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Exam 1 Study Guide-Biology 1362

by: Kavya Pasumarti

Exam 1 Study Guide-Biology 1362 biology 1362

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Kavya Pasumarti

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Entire study guide for Exam 1-Dr.Cheek
Biology 2
Dr. Ann Cheek
Study Guide
Biology, 1362
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This 9 page Study Guide was uploaded by Kavya Pasumarti on Sunday February 21, 2016. The Study Guide belongs to biology 1362 at University of Houston taught by Dr. Ann Cheek in Spring 2016. Since its upload, it has received 177 views. For similar materials see Biology 2 in Biology at University of Houston.


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Date Created: 02/21/16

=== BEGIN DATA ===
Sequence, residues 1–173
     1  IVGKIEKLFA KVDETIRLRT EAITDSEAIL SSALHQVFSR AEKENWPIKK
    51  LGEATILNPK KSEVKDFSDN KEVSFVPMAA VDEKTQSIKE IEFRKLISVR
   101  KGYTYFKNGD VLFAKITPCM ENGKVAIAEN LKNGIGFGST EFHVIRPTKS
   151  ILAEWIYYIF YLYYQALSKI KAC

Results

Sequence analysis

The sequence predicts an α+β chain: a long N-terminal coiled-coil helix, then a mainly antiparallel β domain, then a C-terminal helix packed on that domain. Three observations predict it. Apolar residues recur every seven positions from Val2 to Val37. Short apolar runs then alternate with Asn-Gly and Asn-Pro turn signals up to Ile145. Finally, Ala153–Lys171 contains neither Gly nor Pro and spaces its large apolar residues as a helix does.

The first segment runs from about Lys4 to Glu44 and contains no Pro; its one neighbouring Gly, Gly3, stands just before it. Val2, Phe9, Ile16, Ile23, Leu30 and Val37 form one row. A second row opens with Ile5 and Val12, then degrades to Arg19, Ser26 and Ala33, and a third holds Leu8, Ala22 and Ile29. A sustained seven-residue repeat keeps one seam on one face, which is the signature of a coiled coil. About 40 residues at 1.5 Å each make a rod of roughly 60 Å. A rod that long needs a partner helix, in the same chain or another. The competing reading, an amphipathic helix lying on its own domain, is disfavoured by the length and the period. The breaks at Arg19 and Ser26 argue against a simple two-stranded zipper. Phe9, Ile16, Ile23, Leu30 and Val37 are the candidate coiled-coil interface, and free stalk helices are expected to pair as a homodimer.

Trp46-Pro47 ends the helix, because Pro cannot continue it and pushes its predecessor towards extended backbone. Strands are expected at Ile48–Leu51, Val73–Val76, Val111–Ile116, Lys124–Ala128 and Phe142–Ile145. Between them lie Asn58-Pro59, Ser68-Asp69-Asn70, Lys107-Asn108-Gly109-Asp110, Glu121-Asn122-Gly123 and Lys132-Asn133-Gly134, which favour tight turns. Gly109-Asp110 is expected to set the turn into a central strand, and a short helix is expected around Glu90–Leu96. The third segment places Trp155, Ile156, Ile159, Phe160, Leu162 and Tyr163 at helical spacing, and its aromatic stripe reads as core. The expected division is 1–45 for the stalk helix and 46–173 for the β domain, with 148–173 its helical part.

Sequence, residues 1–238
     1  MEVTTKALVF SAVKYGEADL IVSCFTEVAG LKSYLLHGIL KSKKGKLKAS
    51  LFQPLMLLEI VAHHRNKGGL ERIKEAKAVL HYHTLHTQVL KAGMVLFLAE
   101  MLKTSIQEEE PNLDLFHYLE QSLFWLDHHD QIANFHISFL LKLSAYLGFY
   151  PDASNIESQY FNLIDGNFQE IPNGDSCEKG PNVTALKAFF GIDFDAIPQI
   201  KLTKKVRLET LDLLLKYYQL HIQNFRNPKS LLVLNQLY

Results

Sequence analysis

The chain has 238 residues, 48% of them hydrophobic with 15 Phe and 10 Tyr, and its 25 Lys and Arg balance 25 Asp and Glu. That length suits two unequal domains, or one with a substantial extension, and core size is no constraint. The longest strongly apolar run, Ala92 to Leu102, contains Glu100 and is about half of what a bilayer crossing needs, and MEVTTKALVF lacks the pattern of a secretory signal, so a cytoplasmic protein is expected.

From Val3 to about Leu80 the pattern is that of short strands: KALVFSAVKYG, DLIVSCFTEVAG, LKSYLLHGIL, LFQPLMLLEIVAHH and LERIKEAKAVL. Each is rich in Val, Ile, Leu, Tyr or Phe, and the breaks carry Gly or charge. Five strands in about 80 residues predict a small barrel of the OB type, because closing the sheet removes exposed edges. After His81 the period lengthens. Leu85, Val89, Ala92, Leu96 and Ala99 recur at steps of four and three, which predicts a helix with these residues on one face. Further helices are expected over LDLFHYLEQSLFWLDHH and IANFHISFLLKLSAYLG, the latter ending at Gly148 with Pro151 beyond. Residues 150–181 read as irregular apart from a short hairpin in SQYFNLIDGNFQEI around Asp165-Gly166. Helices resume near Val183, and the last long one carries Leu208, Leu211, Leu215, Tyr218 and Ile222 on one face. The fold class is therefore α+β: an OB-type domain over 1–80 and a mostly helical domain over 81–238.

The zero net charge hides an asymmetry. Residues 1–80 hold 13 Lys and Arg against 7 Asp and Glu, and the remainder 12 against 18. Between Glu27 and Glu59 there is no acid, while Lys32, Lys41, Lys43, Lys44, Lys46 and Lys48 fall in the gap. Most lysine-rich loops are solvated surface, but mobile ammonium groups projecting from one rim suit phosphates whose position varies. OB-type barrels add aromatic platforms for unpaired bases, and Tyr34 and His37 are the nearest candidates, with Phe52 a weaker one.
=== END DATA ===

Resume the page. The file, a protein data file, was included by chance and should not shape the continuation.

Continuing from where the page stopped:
BIOL 1362 Spring 2016 Exam 1 Preparation Guide Chapters 24 – 27, 19, and 11 Concepts Biodiversity – Chapters 24 - 27 List characteristics shared by Archaea & Bacteria, but not Eukarya They do not have nuclear envelopes, membrane bound organelles, and they have circular chromosomes List characteristics shared by Archaea & Eukarya, but not Bacteria They do not have peptidoglycan cell walls; Do not have a ribosome assembly sens to antibiotics List characteristics unique to each domain Eukarya: contain nuclear envelope and membrane-bound organelles Bacteria: contain peptidoglycan cell wall, membrane lipids: unbranched hc tail, initiator aa=formyl Met Archaea: growth at >100 degrees Celsius Name the 5 kingdoms within Domain Bacteria and be able to draw a phylogenetic tree showing relationships among the 5 kingdoms - PB(proteobacteria) - Chlamydia - Spiro (parasitic) - Cyano (parasitic) - GP (gram positive) Know the kingdom for each species of bacteria listed in lecture Cynaobacteria = Lichen Proteobacteria = Salmonella Spiro= Barrelia burgdorferi Gram positive = streptomyces Know characteristic that differentiates gram-positive and gram-negative bacteria and which kingdoms belong to which category GN (gram-negative) all have LP membrane that surround cell wall - PB - Cyano - Chlamydia - Spiro GP lack the LP membrane that surround cell wall. Name the 4 supergroups within Domain Eukarya and be able to draw a phylogenetic tree showing relationships among the supergroups - Animalia - Fungi - Plant - Charophyte algae Know the supergroup to which each single-celled eukaryote listed in lecture belongs Excavates Explain what the branching pattern on a phylogenetic tree indicates about evolutionary relationships An unknown shared trait  Compare phylogenetic trees to see if they represent the same or different relationships between groups  Use a phylogenetic tree to identify which groups descend from a more recent or more ancient common ancestor 1 BIOL 1362 Spring 2016  Define the ancestral characteristics that unite the Archaeplastida - alternation of generations - sporangia - gametangia - apical meristem - embryo containing spore  Define the shared derived traits that unite the plant kingdom Shared w/ green algae: chlorophyll A/B Shared w/ charophyte algae: - process for making cell wall - sperm w/ flagellae  Draw the cycle of alternation of generations – name each generation, indicate ploidy (1n or 2n) and type of cell division that produces the single cells that develop into the next generation 1. Sporophyte (2n) - First generation MEIOSIS 2. Spore (n) MITOSIS 3. Gametophyte (n) - Second generation MITOSIS 4. gamete (n)FERTILIZATION 5. zygote (2n) MITOSIS  Name the 7 phyla within Kingdom Plantae and be able to match the name of plants listed in lecture to the correct phylum - Liverworts - Mosses - Hornworts - Lycophytes - Monilophytes - Gymnosperms - Angiosperms  Draw a phylogenetic tree showing relationships among the 7 plant phyla  Draw a phylogenetic tree showing relationships among these animal phyla: Porifera, Cnidaria, Chordata, Mollusca, Annelida, Nematoda, Athropoda  Be able to indicate on the phylogenetic tree which groups are part of the Bilateria, Deuterostomia, Lophotrochozoa, and Ecdysozoa  List ancestral characteristics common to all animals and choanoflagellates, distinguish animals from choanoflagellates by shared derived characteristic of animals Choanoflagellates are collared flagellates having a funnel shaped collar of interconnected microvilli at  the base of a flagellum.  They have a distinctive cell morphology characterized by an ovoid or spherical cell body 3–10 µm in  diameter with a single apical flagellum surrounded by a collar of 30–40 microvilli  List and map shared derived characteristics of Eumetazoa, Bilateria, Deuterostomia, and the protostomes onto a phylogenetic tree Characteristics of eumetazoans include true tissues organized into germ layers, the presence of  neurons, and an embryo that goes through a gastrula stage.  List the 4 protostome phyla discussed in lecture • Phylum Chordata (vertebrates and their kin) 2 BIOL 1362 Spring 2016 • Phylum Echinodermata (sea stars, sea urchins, sea cucumbers, etc.) • Phylum Hemichordata (acorn worms and possibly graptolites) • Phylum Xenacoelomorpha (2 species of worm­like animals) [1]  List shared derived characteristics of Lophotrochozoa and list 2 phyla that belong to this group  Some animals, such as ectoprocts, develop a lophophore, a horseshoe­shaped crown of ciliated tentacles used for feeding. Other phyla, including annelids and mollusks, have a distinctive larval stage called a trochophore larva.  List shared derived characteristics of Ecdysozoa and 2 phyla that belong to this group The name Ecdysozoa (nematodes, arthropods, and other phyla) refers to animals that secrete external  skeletons (exoskeleton). As the animal grows, it molts the old exoskeleton and secretes a new, larger one, a process  called ecdysis. While named for this process, the clade is actually defined mainly by molecular evidence.  List the 4 classes of arthropods and be able to match the name of arthropods listed in class (and in the Life video) to the correct class - Chelicerata - Myriapoda - Crustacea - Insecta/Hexapoda Darwin and Natural Selection: Chapter 19  Describe Lyell’s ideas about geologic processes and inferences about Earth’s age Geologic processes operate today at same rate as the past. Inference: Earth must be at least 6000 y/o.  Compare & contrast Lamarck’s ideas vs Darwin’s idea regarding mechanisms of change in living organisms Lamarck: use v disuse Darwin: natural selection  Define descent with modification Refers to the passing on of traits from parent organisms to their.offspring  List and recognize examples of descent with modification in living organisms, both within and between species, and fossil organisms The evidence for this includes: • The correspondence of chromosome 2 to two ape chromosomes. The closest human relative, the  common chimpanzee, has near­identical DNA sequences to human chromosome 2, but they are found  in two separate chromosomes. The same is true of the more distant gorilla and orangutan. • The presence of a vestigial centromere. Normally a chromosome has just one centromere, but in  chromosome 2 there are remnants of a second centromere The presence of vestigial telomeres. These are normally found only at the ends of a chromosome, but  in chromosome 2 there are additional telomere sequences in the middle  Define 2 conditions necessary for natural selection and give examples that satisfy each condition - variation in inherited traits - more offspring than environment can support  Evaluate conditions under which natural selection could occur  A. More organisms are born than can survive. 3 BIOL 1362 Spring 2016  B. Organisms vary in their characteristics, even within a species.  C. Variation is inherited.  D. Differences in reproduction and survival are due to variation among organisms.  Understand that natural selection acts on individuals, but causes changes in populations  Compare and contrast natural selection and artificial selection: conditions necessary, selection pressure, result Both- variation in heritable trait Artificial selection - trait desired by humans - desired trait increases Natural selection - selection pressure - trait desired by environment - favorable trait increases Chapters 11: Heredity  Define Mendel’s Law of segregation (in vocab list below)  Define Mendel’s Law of independent assortment (in vocab list below)  Monohybrid cross – use Punnett square to detail possible genotype of gametes and progeny and indicate progeny phenotypes cross b/w heterozygous parents for 1 character; 3:1  Dihybrid cross – use Punnett square to show possible genotypes of gametes and progeny and indicate progeny phenotype cross b/w heterozygous parents for 2 characters; 9:3:3:1  Identify dominant or recessive modes of inheritance from the notation (example: A is the dominant allele, a is the recessive allele)  Analyze a pedigree to determine whether a trait is dominant or recessive  Use information in a pedigree to determine genotype and calculate the probability of a dominant or recessive trait being inherited by a son or daughter  Use a Punnett square to figure out possible gamete genotype and progeny genotypes for autosomal traits  Use genotype and phenotype of parents to figure out genotype and phenotype of offspring (and vice versa)  Use correct notation for dominant, recessive, co-dominant, wild-type, mutant, sex-linked  Define gene, locus, and allele. Know how many alleles an individual diploid organism can have for each locus. Gene: the biological code of all traits Locus: location on a chromosome where a gene sits Allele: version of gene that codes for specific version of a character An individual can have 2 alleles, one from each parent, in each locus.  Explain why the number of alleles per gene in an individual can be different from the number of alleles per gene in a population An individual has one allele per gene in each chromosome, meaning the individual exhibits only one trait.In a population, many different alleles may exist for one gene due to variation in a population. Key Study Method: 4 BIOL 1362 Spring 2016 Solve practice problems: Chapter 11 Concept Check questions: 11.1 Q’s 1 – 3; 11.2 Q’s 1 – 3; and Test Your Understanding: Q1-4, 6-12, 16-18, 20 (VOCAB ON NEXT PAGE) 5 BIOL 1362 Spring 2016 Vocabulary Phylogenetic tree: is a branching diagram or  Giardia: an intestinal infection marked by  "tree" showing the inferred evolutionary relationships abdominal cramps, bloating, nausea and bouts of  among various biological species or other entities— watery diarrhea. Giardia infection is caused by a  their phylogeny microscopic parasite that is found worldwide,  Archaea: microorganisms that are similar to  especially in areas with poor sanitation and unsafe  bacteria in size and simplicity of structure but  water. radically different in molecular organization. They  Trypanosoma:  a genus of kinetoplastids (class  are now believed to constitute an ancient  Kinetoplastida), a monophyletic group of unicellular  intermediate group between the bacteria and  parasitic flagellate protozoa. eukaryotes. Plasmodium: a form within the life cycle of  Bacteria: a member of a large group of unicellular some simple organisms such as slime molds,  microorganisms that have cell walls but lack  typically consisting of a mass of naked protoplasm  organelles and an organized nucleus, including  containing many nuclei. some that can cause disease. Autotroph:  an organism that is able to form  Eukarya: The defining feature that sets  nutritional organic substances from simple inorganic  eukaryotic cells apart from prokaryotic cells (Bacteria substances such as carbon dioxide. and Archaea) is that they have membrane­bound  Heterotroph: an organism deriving its  organelles, especially the nucleus, which contains  nutritional requirements from complex organic  the genetic material, and is enclosed by the nuclear  substances. envelope. Saprotroph:  an organism that feeds on or  Cyanobacteria: also known as Cyanophyta, is  derives nourishment from decaying organic matter. a phylum of bacteria that obtain their energy through Archaeplastida: a major group of eukaryotes,  photosynthesis. comprising the red algae (Rhodophyta), the green  Excavata: are a supergroup of protists that are  algae and the land plants, together with a small  defined by an asymmetrical appearance with a  group of freshwater unicellular algae called  feeding groove that is "excavated" from one side glaucophytes. Stramenopile:  Any of numerous mostly aquatic Ancestral characteristic: trait state shared  organisms in the group Heterokonta, having  by two or more taxa zoospores or other swimming cells usually with a  Shared derived trait: trait state that  pair of flagella, one of which has brush­like  distinguishes a clade from other organisms extensions, and whose photosynthetic members  Apical meristem: tip of a plant shoot or root  have a distinctive form of chlorophyll that produces auxin and causes the shoot or root to  Alveolate: The alveolates ("with cavities")  is  increase in length. one of the major groups of protists, considered a  Sporangia: a receptacle in which asexual  clade and a superphylum  of Eukarya spores are formed. Plastid: any of a class of small organelles, such  Gametangia: a specialized organ or cell in  as chloroplasts, in the cytoplasm of plant cells,  which gametes are formed in algae, ferns, and some containing pigment or food. other plants. Diatom: a single­celled alga that has a cell  Sporophyte: the asexual and usually diploid  wall of silica. Many kinds are planktonic, and  phase, producing spores from which the  extensive fossil deposits have been found. gametophyte arises Dinoflagellate: a single­celled organism  Gametophyte:  the gamete­producing and  usually haploid phase, producing the zygote from  with two flagella, occurring in large numbers in  which the sporophyte arises marine plankton and also found in fresh water.  Some produce toxins that can accumulate in  Sporopollenin: a major component of the  tough outer (exine) walls of plant spores and pollen  shellfish, resulting in poisoning when eaten. grains 6 BIOL 1362 Spring 2016 Unikonta: motile cells having a single flagellum Hutton:  British geologist who proposed the  Metazoa: comprises all animals having the body  theory, which became a foundation for modern  composed of cells differentiated into tissues and  geology, that the Earth is shaped by slow, uniformly  organs and usually a digestive cavity lined with  acting processes including intrusion, erosion, and  specialized cells. sedimentation. Eumetazoa: is a clade comprising all major  Lyell:  British geologist whose Principles of  animal groups except sponges, placozoa, and  Geology (1830­1833) advocated uniformitarianism  several other obscure or extinct life forms, such as  rather than catastrophism and influenced Charles  Dickinsonia. Darwin's theory of evolution. Bilateria: a major group of animals, including the Lamarck:  French naturalist. He outlined his  majority of phyla but not sponges, cnidarians,  theory of organic evolution placozoans and ctenophores Cuvier:  French zoologist and statesman; founder  of the sciences of comparative anatomy and  Lophotrochozoa:  are a major grouping of  protostome animals. palaeontology Edysozoa: a group of protostome animals,  Extant:  still in existence; surviving. including Arthropoda (insects, chelicerata,  Allele: one of two or more alternative forms of a  crustaceans, and myriapods), nematoda, and  gene that arise by mutation and are found at the  several smaller phyla. same place on a chromosome. Gastrulation: a phase early in the embryonic  Blending hypothesis:  The discredited theory development of most animals, during which the  that inheritance of traits from two parents produces  single­layered blastula is reorganized into a  offspring with characteristics that are intermediate  trilaminar ("three­layered") structure known as the  between those of the parents. gastrula. Particulate hypothesis: his states that Mycorrhizae: a fungus that grows in  parents pass on to their offspring, separate association with the roots of a plant in a symbiotic or  and distinct factors (genes) that are responsible for inherited trait mildly pathogenic relationship. Adaptation: a change or the process of change  Character:  the mental and moral qualities  by which an organism or species becomes better  distinctive to an individual. suited to its environment. Trait:  a genetically determined characteristic. Natural selection: the process whereby  organisms better adapted to their environment tend  P generation:  refers to the traits or genes that  are passed on from one parental generation to their  to survive and produce more offspring. The theory of its action was first fully expounded by Charles  offspring. Darwin and is now believed to be the main process  F1 generation: the first filial generation of  that brings about evolution. offspring of distinctly different parental types. Artificial selection:  the intentional breeding  F2 generation: the result of a cross between  of plants or animals. It means the same thing as  two F1 individuals selective breeding. Law of segregation: states that allele pairs  Evolution: the process by which different kinds  separate or segregate during gamete formation, and  of living organisms are thought to have developed  randomly unite at fertilization. and diversified from earlier forms during the history  Law of independent assortment:  states of the earth. that allele pairs separate independently during the  Homology:  similarity in sequence of a protein or  formation of gametes. nucleic acid between organisms of the same or  Genotype: the genetic constitution of an  different species. individual organism. Analogy:  a comparison between two things,  Phenotype:  the set of observable  typically on the basis of their structure and for the  characteristics of an individual resulting from the  purpose of explanation or clarification. interaction of its genotype with the environment. Biogeography: the branch of biology that deals Dominant allele: An allele that expresses its  with the geographical distribution of plants and  phenotypic effect even when heterozygous with a  animals. recessive allele 7 BIOL 1362 Spring 2016 Recessive allele: Of, relating to, or being an  Punnett square: a diagram that is used to  allele that does not produce a characteristic effect  predict an outcome of a particular cross or breeding  when present with a dominant allele. experiment. Heterozygous: refers to a pair of genes where  Monohybrid cross:  a mating between two  one is dominant and one is recessive — they're  individuals with different alleles at one genetic locus  different. of interest. Homozygous: a pair of matching alleles, which  Dihybrid cross: a cross between two different  are the two genes that control a particular trait. lines (varieties, strains) that differ in two observed  traits. 8